HealthCareMagic is now Ask A Doctor - 24x7 |

Get your health question answered instantly from our pool of 18000+ doctors from over 80 specialties
159 Doctors Online

By proceeding, I accept the Terms and Conditions

Dr. Andrew Rynne
Dr. Andrew Rynne

Family Physician

Exp 50 years

HCM Blog Instant Access to Doctors
HCM BlogQuestions Answered
HCM Blog Satisfaction
Article Home Children's Health Stomach pain in children

Stomach pain in children

It is one of the common symptom of the children. The common causes are infections, poisoning, surgical causes. It is daignosed by blood tests, stool tests.

Causes of stomach pain

  • Infections: Viruses or bacteria can cause abdominal pain as in case of stomach flu or gastroenteritis.
  • Food related: Food poisoning (which acts like a stomach flu), food allergies, excess food ingestion, and gas production all can cause bloating and temporary discomfort.
  • Poisoning: This can range from simple problems such as eating soap to more serious issues such as swallowing iron pills or an overdose of medications
  • Surgical problems like appendicitis and blockage of bowels.
  • Medical causes like complications of diabetes in children can lead to stomach pain.


  • Blood tests like blood cell count, liver function tests, blood cultures, urinalysis and culture.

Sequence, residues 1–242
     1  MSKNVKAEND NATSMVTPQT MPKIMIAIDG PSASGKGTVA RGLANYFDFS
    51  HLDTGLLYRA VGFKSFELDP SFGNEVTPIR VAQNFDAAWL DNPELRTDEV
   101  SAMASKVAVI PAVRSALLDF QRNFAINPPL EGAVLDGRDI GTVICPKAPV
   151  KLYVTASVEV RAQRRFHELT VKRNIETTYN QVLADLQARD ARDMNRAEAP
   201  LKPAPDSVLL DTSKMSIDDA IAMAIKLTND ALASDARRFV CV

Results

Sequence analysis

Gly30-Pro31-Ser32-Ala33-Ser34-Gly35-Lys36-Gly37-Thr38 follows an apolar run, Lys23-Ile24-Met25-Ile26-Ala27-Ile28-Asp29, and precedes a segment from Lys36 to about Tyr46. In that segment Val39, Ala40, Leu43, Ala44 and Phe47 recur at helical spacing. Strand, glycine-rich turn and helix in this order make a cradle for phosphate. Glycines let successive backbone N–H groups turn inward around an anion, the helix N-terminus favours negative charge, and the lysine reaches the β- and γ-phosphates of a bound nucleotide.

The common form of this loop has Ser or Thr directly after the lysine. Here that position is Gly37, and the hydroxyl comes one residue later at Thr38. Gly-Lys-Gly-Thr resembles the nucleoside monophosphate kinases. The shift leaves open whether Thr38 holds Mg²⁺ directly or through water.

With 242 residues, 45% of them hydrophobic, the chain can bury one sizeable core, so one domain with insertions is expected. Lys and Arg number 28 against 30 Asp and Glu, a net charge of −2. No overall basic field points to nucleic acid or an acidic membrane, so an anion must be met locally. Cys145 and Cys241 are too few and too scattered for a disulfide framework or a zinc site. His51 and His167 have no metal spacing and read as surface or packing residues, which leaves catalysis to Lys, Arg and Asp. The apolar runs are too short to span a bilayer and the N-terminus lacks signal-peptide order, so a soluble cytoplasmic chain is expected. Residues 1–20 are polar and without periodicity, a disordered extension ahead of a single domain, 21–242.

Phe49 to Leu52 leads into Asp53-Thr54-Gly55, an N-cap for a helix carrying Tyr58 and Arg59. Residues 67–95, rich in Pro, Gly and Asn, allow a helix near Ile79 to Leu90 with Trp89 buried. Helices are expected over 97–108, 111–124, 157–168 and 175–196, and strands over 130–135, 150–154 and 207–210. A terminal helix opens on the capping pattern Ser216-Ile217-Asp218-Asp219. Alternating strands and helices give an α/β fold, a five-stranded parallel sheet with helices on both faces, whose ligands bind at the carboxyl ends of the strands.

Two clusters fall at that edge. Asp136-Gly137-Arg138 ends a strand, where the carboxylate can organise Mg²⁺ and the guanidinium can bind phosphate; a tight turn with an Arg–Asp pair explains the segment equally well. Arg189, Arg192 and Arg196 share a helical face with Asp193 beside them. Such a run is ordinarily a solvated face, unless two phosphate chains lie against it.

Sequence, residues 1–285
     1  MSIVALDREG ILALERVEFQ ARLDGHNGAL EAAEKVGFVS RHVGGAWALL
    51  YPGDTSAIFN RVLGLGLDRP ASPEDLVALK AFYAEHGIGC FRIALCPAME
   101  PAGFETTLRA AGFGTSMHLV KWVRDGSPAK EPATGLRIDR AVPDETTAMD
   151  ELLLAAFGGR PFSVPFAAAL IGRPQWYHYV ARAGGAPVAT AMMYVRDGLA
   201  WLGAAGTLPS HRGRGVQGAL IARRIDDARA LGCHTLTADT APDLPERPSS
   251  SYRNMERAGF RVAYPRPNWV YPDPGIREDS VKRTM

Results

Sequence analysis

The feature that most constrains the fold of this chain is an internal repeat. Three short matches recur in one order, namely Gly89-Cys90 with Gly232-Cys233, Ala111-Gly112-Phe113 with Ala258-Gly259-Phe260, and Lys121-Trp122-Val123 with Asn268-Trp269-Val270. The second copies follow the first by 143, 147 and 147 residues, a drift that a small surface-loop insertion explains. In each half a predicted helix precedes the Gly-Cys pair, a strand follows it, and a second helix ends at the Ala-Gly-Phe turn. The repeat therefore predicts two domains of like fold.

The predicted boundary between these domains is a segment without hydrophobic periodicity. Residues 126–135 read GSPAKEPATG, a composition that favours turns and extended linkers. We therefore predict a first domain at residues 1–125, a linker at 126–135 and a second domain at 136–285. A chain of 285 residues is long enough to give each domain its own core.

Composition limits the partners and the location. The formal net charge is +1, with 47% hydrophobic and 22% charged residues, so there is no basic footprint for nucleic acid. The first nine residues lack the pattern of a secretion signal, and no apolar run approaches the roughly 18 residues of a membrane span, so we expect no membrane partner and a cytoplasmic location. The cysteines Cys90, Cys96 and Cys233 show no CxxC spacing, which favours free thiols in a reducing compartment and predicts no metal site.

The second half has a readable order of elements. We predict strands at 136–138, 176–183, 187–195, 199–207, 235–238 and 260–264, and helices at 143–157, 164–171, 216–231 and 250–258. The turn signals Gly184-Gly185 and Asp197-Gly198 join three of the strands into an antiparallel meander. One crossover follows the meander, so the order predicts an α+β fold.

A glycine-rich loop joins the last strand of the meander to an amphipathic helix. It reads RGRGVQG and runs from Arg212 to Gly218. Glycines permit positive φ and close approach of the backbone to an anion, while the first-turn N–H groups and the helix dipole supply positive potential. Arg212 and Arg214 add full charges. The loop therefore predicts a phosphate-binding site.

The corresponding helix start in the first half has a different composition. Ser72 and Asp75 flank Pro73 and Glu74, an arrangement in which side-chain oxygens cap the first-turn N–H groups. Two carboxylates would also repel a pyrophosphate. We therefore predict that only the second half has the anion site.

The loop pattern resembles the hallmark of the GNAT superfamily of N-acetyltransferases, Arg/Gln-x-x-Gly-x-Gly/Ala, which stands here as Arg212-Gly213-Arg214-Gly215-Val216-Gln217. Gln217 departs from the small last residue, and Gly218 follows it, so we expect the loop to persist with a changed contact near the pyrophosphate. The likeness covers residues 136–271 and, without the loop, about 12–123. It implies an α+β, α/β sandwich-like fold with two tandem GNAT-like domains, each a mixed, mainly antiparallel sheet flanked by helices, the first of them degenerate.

• Stool examination for blood, bacteria or parasites.
  • Radiographs of abdomen.
  • Ultrasound of the abdomen.
  • CT scan of abdomen.

Taking care of child at home:

  • General suggestions on easing the pain include:
  • Ensure your child gets plenty of rest.
  • Help your child drink plenty of clear fluids such as cooled boiled water or juice.
  • Do not push your child to eat if they feel unwell.
  • If your child is hungry, offer bland food such as crackers, rice, bananas or toast.
  • Place a hot water bottle or wheat bag on your child’s tummy, or run a warm bath for them. Please take care not to scald yourself or your child.
  • Give paracetamol if your child is in pain or is miserable. Please check the packet for the right dose. Avoid giving aspirin.

Seek urgent medical help:

  • Go to your local doctor or the emergency department of your nearest hospital straight away if your child has:
  • Severe or worsening pain, or if the pain has moved position.
  • Fever or chills.
  • Become pale, sweaty and unwell.
  • Been vomiting for more than 24 hours.
  • If the pain is in scrotum or testicle.
  • Refused to eat or drink.
  • Blood in their vomit or stool.
  • Problems passing urine or is producing less than four wet nappies a day.
  • Skin rash with pain.
  • Any other problem that concerns you.
  • If the child looks sick.

Treatment will be prescribed according to the history, physical examination, test results, and the individual child. Treatment may be as simple as sending the child home with instructions for rest, encouraging fluids, and eating a bland diet. Treatment can be as extensive as hospital admission and surgery.